Netflix Vietnam currently has 208 million subscribers in more than 190 countries and territories, including Vietnam. According to statistics of the RealGood online service search system, Netflix has about 3,781 movies and its data is constantly being updated. Other online platforms such as Galaxy Play, FPT Play, VieOn, HBOGo, ClipTV, MyTV, Prime video... also offer thousands of movies. Thus, compared to about 300 licensed movies in cinemas, 500 episodes approved to broadcast on the national Vietnam Television (VTV) a year, the number of movies offered on online platforms is a hundred times higher.
According to statistics from the Ministry of Information and Communications in November 2020, Vietnam had about 35 businesses providing online pay TV services, with 14 million subscribers. Each subscriber can watch movies on many devices, so the actual number may be many times higher.
However, the Law on Cinema 2006 and the revised Cinema Law 3 years later does not have provisions to manage movies released on the Internet. From January 1, 2019, when the Cybersecurity Law took effect, Vietnam has had the tools to handle movies with infringing content, but this is not enough. As the large number of movies released and not approved before appearing on the application, most violations are discovered after movies are released.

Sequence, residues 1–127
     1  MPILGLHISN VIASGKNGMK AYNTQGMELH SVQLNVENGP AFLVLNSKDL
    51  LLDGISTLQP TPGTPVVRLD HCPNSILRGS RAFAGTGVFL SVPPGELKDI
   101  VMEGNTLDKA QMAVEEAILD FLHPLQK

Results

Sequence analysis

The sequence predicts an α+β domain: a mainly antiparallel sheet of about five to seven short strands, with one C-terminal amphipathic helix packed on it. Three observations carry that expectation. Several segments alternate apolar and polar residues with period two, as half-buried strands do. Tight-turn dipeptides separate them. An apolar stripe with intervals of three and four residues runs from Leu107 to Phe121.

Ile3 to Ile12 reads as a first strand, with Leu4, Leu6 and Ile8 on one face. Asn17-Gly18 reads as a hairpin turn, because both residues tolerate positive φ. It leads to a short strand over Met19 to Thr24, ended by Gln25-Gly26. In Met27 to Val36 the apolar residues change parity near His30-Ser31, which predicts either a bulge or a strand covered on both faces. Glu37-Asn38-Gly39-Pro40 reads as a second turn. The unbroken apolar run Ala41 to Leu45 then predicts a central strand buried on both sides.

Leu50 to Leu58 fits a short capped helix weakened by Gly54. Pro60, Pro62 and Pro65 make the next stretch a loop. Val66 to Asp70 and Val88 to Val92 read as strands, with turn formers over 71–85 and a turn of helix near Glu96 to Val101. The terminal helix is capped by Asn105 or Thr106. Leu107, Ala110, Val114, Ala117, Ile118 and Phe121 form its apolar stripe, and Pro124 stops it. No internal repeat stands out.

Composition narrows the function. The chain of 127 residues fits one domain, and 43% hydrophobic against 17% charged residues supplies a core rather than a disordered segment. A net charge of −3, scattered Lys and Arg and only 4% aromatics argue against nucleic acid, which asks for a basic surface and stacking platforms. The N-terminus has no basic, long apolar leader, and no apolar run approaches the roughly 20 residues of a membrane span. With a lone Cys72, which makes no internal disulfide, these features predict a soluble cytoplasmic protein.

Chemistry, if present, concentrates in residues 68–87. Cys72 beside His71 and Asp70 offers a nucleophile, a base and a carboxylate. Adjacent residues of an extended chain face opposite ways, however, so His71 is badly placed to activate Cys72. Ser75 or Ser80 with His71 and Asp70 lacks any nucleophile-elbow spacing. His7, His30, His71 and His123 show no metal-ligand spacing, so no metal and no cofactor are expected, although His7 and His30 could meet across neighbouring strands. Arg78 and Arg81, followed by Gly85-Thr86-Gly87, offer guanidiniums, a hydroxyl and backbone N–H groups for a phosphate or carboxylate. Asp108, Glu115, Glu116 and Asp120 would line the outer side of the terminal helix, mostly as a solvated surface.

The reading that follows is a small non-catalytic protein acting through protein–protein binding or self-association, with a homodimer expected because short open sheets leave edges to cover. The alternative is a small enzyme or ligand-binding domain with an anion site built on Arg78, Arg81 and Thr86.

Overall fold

Most recently, the Department of Radio, Television and Electronic Information discovered an image of a map with a cow's tongue line appeared in episode 3 of a movie entitled 'Pine Gap', which violates the Press Law and Cinema Law of Vietnam, so the agency asked Netflix to remove the film. Netflix removed 6 episodes of 'Pine Gap' on June 30.
Before 'Pine Gap', 'Put Your Head On My Shoulder' and 'Madam Secretary' captioned the image of Hoi An as the name of a Chinese district. Both films were removed from Netflix at the request of the Department of Radio, Television and Electronic Information. This is the third time in the past one year that Netflix has been caught showing movies and TV shows with content that violates Vietnam's territorial sovereignty. There is no guarantee that these violations will not recur on a larger scale in the future.
How to control
'Sex/Life' is one of many movies that can be watched on the internet without censorship.